Bursts of Thought

I’ve long admired Seth Godin and his prolific works. His short bursts of thought belie their profundity. I’ve often wished I could be more like Seth.

So I’ve decided to do less wishing and more doing. Now.

A Very Belated “Thank You”

I started my legal career as an associate at Sonnenschein Nath & Rosenthal LLP in San Francisco, which, at the time, had one of the only big firm Latino equity partners in the country. Gary Hernandez was at least 80% of the reason I joined Sonnenschein SF. He was funny and charismatic. And he was influential within the firm and beyond. Above all else, he was a good person whose background was similar to my own, and he took an interest in my professional development.

During my first year of practice, Gary was often the only firm partner who invited me to work on special projects with unique value to a young associate. There was the time he asked me create a PowerPoint deck responding to an insurance examiner’s pointed letter inquiring about a client’s advertising practices. While the request itself wasn’t so novel, subsequent events sure were: when the insurance examiner met us to discuss, I loaded the deck and handed Gary the clicker. Without fanfare, Gary handed it right back to me and told the examiner that I’d be walking through the presentation. There was also the time he had me lead a client call involving a new business inquiry. And the time Gary handed me an impressive list of friends and clients and asked me to call and invite everyone to a fundraiser he was hosting for Darrell Steinberg, one of Gary’s law school chums. These are not the only examples.

Gary also took an interest in my personal life. He always invited me to grab time on his calendar and discuss whatever was on my mind. He always asked if I were getting quality work assignments from others. He asked if I were enjoying the experience and if there were anything else I wanted from it. And he always asked about my mom and whether I was saving enough money to send to her.

Above all, Gary encouraged me in ways that no other lawyer has since. He’d laud me with unconditional praise, saying things like, “you’re doing a great job,” and “you’re going to make one hell of a lawyer.” Now, I don’t easily accept praise, and I think Gary often sensed this. In one exchange that I still remember vividly, Gary pressed on with praise until I acknowledged it: “I know you don’t believe me, but you should. You’re going to be one hell of a lawyer someday.” I managed a timid, “thank you,” but of course, Gary was right. I didn’t believe him.

Gary passed in 2011 at a fairly young age. I had already left Sonnenschein and was living in LA. Gary and I hadn’t talked since I’d left Sonnenschein over a year earlier. I was sad to hear the news, and sadder still that I couldn’t pay my respects in person. And I’m embarrassed to admit that I didn’t think much more about it for some time.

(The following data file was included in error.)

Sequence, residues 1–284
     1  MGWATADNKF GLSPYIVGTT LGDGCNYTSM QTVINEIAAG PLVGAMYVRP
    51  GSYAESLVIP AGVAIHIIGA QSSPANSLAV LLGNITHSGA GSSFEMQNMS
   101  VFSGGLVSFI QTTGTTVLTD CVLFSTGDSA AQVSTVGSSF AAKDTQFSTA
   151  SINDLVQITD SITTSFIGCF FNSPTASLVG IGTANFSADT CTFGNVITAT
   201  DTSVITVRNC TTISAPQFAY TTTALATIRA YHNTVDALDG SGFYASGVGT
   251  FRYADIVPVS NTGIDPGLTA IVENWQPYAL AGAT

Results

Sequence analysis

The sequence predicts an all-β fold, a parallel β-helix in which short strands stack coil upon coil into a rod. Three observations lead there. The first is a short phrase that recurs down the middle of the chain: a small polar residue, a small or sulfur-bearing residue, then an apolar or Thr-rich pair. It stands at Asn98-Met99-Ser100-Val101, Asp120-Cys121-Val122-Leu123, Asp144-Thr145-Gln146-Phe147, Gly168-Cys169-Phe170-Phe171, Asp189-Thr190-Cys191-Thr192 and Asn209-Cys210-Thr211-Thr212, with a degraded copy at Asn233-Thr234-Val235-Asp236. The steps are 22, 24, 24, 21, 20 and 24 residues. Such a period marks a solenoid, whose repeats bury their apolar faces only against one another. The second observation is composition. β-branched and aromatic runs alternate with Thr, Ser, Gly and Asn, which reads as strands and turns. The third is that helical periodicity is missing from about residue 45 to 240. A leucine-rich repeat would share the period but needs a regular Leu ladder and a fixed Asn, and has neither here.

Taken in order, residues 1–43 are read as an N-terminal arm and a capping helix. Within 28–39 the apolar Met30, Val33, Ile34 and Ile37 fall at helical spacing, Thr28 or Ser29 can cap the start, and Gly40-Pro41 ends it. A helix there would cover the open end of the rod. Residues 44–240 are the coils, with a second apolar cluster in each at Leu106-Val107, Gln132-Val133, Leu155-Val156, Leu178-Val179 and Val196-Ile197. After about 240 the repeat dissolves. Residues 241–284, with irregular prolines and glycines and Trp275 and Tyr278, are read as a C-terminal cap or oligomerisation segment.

Recently, my career has developed in ways I could never have guessed when I was a first year sitting dumbly on Gary’s leather chair. At some point, not sure when, I started feeling confident in my ability to advise and counsel. At some point, not sure when, I started feeling confident in my ability to mentor and train other lawyers. And at some point, not sure when, I started asking myself the question, “would Gary now think of me as a helluva lawyer?”

An In-House Lawyer’s View on Business Development

Before anything else, it’s important to understand that I’ve never been in the position of having to develop business. My career so far has taken me from the lowly rungs of big-firm associate-hood, to government lawyer, and to in-house counsel. Given that admittedly unorthodox trajectory, I’m the first to acknowledge that I should not be dispensing business development advice.

But I can’t help myself.

I can’t help myself because I’m now often on the receiving end of many pitches by other lawyers. And, more often than not, I cringe at the attempted pitch.

Here are three common missteps I find most offensive:

  • The out-of-the-blue contact from a “friend” – I don’t pretend to be everyone’s friend and you shouldn’t either. I also share many libations and business cards with many lawyers, which should be an invitation to start developing a relationship, nothing more. A business card exchange is not an invitation for you and your partners to pitch me before you learn anything about my business. There’s a fine line between assiduous follow-up and aloofness. When in doubt, here’s a general rule of thumb: if we only just met, or if the last time we spoke was over a year ago, I’m probably not going to want to listen to a pitch. Let’s start with coffee.
  • The resume recitation – once you’re in front of a prospective client, there’s really no need to recite your CV or past accomplishments. That stuff is readily accessible (at least it should be) online. Instead, use this time to ask questions about my business and listen. I do not want to have to issue spot for you. That’s your job.
  • The presumptuous alternative fee letter – this one should be fairly straight forward. Simply put, don’t send a proposed engagement letter unless expressly requested. I don’t much care if it’s an “alternative fee arrangement” that is “drastically reduced” from your normal rates. For all I know, your normal rates are unreasonable to start, especially if you’ve yet to establish a concrete value proposition. I’ll tell you if I ever want to kick the tires on your services.

From what I can tell, the lawyers that are best at business development are those that are focused on building relationships over the long term, take time to understand a business and its pain-points, and give value long before they take.